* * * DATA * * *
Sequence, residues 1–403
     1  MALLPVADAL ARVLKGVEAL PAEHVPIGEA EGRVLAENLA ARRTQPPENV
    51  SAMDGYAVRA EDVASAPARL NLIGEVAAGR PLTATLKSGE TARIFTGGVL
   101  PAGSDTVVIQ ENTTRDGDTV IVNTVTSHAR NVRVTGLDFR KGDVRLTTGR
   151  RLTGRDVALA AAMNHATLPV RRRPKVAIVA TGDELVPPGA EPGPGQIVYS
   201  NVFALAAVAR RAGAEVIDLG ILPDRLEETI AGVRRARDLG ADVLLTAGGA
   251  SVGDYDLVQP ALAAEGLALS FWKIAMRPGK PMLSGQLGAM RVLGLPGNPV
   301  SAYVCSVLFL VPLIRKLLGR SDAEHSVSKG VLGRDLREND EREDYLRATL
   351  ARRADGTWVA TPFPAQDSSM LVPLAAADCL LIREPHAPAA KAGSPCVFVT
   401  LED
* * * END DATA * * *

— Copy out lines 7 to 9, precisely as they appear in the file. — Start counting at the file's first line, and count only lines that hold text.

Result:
   251  SVGDYDLVQP ALAAEGLALS FWKIAMRPGK PMLSGQLGAM RVLGLPGNPV
   301  SAYVCSVLFL VPLIRKLLGR SDAEHSVSKG VLGRDLREND EREDYLRATL
   351  ARRADGTWVA TPFPAQDSSM LVPLAAADCL LIREPHAPAA KAGSPCVFVT